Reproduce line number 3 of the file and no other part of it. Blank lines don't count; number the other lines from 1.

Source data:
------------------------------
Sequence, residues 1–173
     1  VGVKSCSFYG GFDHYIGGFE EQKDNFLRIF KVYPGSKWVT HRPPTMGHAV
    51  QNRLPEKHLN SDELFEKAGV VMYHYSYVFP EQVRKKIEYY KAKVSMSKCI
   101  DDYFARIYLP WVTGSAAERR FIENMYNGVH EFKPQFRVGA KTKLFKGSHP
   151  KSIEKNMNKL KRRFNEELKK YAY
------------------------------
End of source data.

    51  QNRLPEKHLN SDELFEKAGV VMYHYSYVFP EQVRKKIEYY KAKVSMSKCI